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Review: System Shock (PS5) – A Faithful Remake That’s Showing Its Age

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They just don’t make ‘em like they used to, huh? 30 years since its launch on PC, the holy grail of immersive sims, System Shock, has made its way to PS4 and PS5 with this slick remake. This is the first opportunity us PlayStation players have had to check out the game that inspired the likes of PREY, Deus Ex, and BioShock, and as such, piecing together its labyrinthine space station is like an entertaining history lesson. But despite its new visual glow-up, System Shock is really starting to show its age.

The original System Shock launched in 1994 and shaped an entire genre. Against the evil A.I. SHODAN, a nameless hacker must fight their way through the maze-like space station, gradually unlocking more areas in the process. Released in 2023 on PC, this remake from Nightdive Studios adds a lick of modernised paint to this classic, with a visual and gameplay overhaul that should appeal to both new and returning players alike.

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We want to start off by saying that visually, System Shock is a real treat on PS5. It sports this fascinating blended artstyle of both modern and retro aesthetics that perfectly embodies the original – as if Nightdive is trying to evoke what you think the game looked like back in the day. Despite having this hard-edged metallic design to its many rooms and corridors, there are refreshing pangs of vibrant colour that keep each of the game’s floors feeling fresh and unique. It’s topped off with a rock-solid performance on PS5 that means you can slither your way from maintenance to the executive floors without a single stutter.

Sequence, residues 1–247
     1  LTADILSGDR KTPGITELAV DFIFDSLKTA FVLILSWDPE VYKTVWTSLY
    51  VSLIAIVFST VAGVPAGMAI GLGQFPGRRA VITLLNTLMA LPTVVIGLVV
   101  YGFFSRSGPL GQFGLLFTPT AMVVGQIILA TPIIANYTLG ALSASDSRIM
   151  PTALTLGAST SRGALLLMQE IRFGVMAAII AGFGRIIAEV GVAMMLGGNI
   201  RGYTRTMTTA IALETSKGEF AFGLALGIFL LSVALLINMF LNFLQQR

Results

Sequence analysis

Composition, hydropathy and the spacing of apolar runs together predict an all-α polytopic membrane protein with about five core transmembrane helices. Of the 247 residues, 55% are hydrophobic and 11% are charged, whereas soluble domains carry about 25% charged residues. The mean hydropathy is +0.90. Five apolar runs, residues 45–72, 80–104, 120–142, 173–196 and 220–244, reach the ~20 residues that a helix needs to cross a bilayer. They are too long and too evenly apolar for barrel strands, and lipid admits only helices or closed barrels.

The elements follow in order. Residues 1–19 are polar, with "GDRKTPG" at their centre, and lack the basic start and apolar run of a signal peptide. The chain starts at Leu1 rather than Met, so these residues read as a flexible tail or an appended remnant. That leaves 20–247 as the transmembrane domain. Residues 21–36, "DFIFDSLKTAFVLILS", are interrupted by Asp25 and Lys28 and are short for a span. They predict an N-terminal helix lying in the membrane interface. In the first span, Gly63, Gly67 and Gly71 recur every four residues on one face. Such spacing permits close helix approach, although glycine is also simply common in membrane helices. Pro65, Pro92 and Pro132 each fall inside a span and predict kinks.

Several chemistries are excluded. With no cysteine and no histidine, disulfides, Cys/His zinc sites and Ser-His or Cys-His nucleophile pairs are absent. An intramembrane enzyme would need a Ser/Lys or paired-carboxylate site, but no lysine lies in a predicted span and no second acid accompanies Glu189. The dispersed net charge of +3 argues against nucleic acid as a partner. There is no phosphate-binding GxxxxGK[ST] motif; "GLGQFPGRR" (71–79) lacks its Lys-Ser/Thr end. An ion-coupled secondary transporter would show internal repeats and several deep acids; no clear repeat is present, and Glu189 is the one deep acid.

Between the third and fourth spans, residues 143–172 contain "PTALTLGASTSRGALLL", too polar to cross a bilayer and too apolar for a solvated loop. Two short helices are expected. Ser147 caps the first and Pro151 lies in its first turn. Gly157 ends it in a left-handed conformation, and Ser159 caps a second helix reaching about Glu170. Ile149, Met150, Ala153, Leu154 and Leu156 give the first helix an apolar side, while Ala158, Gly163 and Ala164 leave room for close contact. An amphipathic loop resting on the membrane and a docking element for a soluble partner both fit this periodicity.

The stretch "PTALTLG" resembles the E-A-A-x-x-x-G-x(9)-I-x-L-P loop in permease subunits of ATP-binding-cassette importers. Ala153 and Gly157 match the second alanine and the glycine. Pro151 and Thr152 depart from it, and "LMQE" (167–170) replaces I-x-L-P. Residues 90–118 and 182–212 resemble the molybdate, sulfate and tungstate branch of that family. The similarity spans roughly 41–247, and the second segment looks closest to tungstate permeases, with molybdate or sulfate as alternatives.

The first thing you’ll notice about System Shock is that it is not there to help you – at all. This is a tough game, both through its so-so combat, and its gruelling space station puzzles. It’s both the good and bad of this remake, as it is invigorating to play a game that really makes you sift through text and audio logs. Something as simple as figuring out a code may require you to visit multiple areas across various levels of the station, and you’ll need to physically note the code down as the game won’t store it for you. Playing a game with a notepad by your side is a rather niche aspect of a bygone era of gaming, but you’ll undoubtedly sit up on your seat a little as System Shock challenges you this way.

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Finally figuring out a long sought after code, or turning on the power that grants you access to a whole new level of the station is immensely gratifying. This is also a game that feeds off of your curiosity, where you can track the storylines of ill-fated characters and slowly piece together the puzzle of the station’s A.I. takeover. Very rarely will System Shock spell it out for you, so if you aren’t keen on sifting through reams of texts, then its setting will likely come across as very surface level. Certainly you aren’t going to find environmental storytelling here like you do in Dishonored for example, and System Shock does very little to establish a history prior to SHODAN’s current takeover.